What are the Quadrantids? When is the meteor shower visible TONIGHT? | Science | News


What are the Quadrantids?

The Quadrantid meteors are thought to come from the asteroid 2003 EH1, which is likely to be an extinct comet and NASA has described as a “dead comet.”

NASA has said: “Asteroid 2003 EH1 takes 5.52 years to orbit the sun once. 

“It is possible that 2003 EH1 is a ‘dead comet’ or a new kind of object being discussed by astronomers called a ‘rock comet’.”

The Quadrantid meteor shower runs from December 22 to January 17 but the meteors peak on January 3 this year.

NASA meteor expert Bill Cooke told Space.com: “It was either a piece of comet or a comet itself, and then it became extinct.”

This means all the ice and other volatiles on the comet have evaporated.

However, it is believed the 2003 EH1 might be the same object as the comet C/1490 Y1, which was observed by Chinese, Japanese and Korean astronomers 500 years ago. 

The radiant point of the shower is an area inside the constellation Bootes, which is not far from the Big Dipper.

The easiest way to find the radiant point is to look north for the Big Dipper, then follow the ‘arc’ of the Big Dipper’s handle across the sky to red giant star Arcturus, which anchors the bottom of Bootes.

When will the Quadrantids be visible?

The Quadrantid meteor shower has been visible for the past week, however the peak of the shower will be tonight.

The shower will reach its peak at about 9pm GMT (4pm EST) on Wednesday January 3, according to the astronomy website EarthSky.com.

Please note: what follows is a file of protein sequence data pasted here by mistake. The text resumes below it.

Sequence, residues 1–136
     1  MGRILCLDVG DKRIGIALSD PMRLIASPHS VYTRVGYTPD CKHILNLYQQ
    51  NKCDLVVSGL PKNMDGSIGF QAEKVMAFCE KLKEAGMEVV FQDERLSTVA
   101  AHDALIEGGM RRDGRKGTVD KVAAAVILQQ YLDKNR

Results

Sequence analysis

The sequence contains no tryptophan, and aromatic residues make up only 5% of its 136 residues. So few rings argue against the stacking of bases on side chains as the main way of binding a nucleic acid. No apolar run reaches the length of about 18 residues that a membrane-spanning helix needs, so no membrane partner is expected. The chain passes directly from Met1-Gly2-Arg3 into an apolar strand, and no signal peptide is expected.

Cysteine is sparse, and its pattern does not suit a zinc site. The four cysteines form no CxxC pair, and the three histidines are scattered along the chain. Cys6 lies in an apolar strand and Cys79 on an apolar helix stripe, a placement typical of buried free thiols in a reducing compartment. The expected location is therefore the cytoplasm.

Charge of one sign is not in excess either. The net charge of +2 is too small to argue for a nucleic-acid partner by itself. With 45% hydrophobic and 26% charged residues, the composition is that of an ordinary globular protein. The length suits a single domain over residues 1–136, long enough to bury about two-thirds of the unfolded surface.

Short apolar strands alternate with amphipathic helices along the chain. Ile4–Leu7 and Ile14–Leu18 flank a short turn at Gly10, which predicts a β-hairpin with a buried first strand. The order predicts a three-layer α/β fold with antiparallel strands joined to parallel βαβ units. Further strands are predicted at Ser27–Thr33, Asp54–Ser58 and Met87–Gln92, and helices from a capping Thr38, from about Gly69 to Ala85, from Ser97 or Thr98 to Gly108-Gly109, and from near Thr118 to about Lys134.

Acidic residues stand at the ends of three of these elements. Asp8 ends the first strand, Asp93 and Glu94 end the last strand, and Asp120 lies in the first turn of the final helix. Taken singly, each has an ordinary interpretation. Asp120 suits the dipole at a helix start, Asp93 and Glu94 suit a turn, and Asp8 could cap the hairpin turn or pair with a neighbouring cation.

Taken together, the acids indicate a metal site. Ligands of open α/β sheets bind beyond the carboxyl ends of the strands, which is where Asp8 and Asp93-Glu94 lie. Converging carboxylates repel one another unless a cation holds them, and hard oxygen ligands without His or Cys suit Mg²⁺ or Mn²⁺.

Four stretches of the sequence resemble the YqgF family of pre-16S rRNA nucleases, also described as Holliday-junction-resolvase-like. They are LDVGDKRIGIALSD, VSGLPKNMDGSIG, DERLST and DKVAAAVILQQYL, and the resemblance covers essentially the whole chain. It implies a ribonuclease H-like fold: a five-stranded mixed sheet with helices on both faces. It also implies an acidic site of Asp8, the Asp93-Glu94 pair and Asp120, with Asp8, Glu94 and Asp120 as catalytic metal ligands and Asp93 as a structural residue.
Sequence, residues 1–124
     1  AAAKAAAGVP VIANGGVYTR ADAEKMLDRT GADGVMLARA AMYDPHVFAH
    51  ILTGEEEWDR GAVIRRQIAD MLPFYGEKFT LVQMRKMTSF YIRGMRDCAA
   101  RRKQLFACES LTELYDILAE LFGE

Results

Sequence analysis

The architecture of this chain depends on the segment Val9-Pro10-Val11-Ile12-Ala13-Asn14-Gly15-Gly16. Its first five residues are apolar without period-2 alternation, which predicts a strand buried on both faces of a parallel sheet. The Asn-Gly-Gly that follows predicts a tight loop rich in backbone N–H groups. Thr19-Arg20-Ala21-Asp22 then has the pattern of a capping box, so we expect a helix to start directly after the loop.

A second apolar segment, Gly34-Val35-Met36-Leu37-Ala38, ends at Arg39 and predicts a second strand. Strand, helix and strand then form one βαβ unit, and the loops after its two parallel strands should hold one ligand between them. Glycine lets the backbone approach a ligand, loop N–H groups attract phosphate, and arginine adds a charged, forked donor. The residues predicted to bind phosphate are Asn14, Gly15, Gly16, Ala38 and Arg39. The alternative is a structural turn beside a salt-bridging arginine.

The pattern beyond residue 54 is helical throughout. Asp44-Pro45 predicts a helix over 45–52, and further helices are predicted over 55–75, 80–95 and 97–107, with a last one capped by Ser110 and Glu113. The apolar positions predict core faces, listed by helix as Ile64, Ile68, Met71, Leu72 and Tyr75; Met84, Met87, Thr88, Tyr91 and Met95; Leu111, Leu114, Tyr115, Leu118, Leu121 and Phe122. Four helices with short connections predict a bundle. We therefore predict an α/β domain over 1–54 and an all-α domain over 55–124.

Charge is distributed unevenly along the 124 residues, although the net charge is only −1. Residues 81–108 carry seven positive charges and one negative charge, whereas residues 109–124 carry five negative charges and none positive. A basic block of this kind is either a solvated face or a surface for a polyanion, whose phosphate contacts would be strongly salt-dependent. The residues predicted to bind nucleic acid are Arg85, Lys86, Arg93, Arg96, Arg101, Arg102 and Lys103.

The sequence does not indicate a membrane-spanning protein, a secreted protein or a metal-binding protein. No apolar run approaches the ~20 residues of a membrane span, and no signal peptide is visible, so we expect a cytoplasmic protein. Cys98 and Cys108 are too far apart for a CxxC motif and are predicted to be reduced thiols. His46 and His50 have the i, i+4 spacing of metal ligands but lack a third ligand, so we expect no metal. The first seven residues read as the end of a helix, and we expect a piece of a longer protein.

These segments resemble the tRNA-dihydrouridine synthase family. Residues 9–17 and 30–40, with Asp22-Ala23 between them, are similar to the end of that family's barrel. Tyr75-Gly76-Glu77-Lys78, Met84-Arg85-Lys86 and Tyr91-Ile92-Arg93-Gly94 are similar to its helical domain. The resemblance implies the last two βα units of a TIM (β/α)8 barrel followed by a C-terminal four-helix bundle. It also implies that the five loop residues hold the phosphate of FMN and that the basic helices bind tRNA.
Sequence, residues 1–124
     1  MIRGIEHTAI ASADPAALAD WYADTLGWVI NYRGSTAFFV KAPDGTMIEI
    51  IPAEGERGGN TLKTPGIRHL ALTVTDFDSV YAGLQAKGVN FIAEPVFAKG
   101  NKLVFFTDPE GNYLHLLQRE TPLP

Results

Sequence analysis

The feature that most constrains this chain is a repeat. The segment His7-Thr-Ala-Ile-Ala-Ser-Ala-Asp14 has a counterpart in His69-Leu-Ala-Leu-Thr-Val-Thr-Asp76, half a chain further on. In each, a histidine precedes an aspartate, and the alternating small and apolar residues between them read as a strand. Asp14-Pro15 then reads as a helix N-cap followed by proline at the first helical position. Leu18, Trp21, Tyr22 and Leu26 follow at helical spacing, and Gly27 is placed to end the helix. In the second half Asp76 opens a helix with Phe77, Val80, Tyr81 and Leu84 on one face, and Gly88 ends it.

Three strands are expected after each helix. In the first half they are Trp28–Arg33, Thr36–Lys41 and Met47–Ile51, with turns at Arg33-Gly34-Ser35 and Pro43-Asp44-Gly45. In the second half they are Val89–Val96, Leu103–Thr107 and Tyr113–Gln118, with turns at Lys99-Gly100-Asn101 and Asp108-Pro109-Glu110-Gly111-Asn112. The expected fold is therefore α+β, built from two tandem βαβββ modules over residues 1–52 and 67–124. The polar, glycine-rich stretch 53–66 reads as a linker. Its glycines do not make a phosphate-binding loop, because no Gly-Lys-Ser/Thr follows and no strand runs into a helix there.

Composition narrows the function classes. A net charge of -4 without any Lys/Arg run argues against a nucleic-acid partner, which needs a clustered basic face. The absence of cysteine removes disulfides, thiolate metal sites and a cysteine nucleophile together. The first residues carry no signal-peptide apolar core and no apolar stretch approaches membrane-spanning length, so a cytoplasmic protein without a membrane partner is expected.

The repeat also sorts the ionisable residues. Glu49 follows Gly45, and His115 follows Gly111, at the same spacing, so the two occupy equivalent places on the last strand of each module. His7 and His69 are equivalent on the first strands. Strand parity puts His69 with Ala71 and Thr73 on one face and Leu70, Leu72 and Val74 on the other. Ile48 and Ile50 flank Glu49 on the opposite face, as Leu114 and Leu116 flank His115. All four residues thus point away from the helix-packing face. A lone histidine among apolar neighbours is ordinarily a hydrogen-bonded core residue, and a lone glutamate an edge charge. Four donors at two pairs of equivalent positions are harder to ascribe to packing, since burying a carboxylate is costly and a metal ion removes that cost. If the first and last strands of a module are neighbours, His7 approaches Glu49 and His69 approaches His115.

The most meteors will be visible in the last hour before dawn and skywatchers can expect to see between 40 and 100 meteors per hour.

In comparison to the peak of the Perseid or Geminid meteor showers which last for a day of more, the Quadrantid meteor shower only lasts for a few hours.

Which means you have to be on the right part of Earth, where the radiant is high in the sky, in order to experience the peak of the Quadrantids.

The shower favours the Northern Hemisphere because its radiant point is so far north on the sky’s dome.

You will not need binoculars or telescopes to view the meteor shower, your eyes are enough to see the shooting star overhead.

The best way to view the meteors is to find a dark sky away from the light pollution of the city and give your eyes about 20 to 30 minutes to adjust to the dark.



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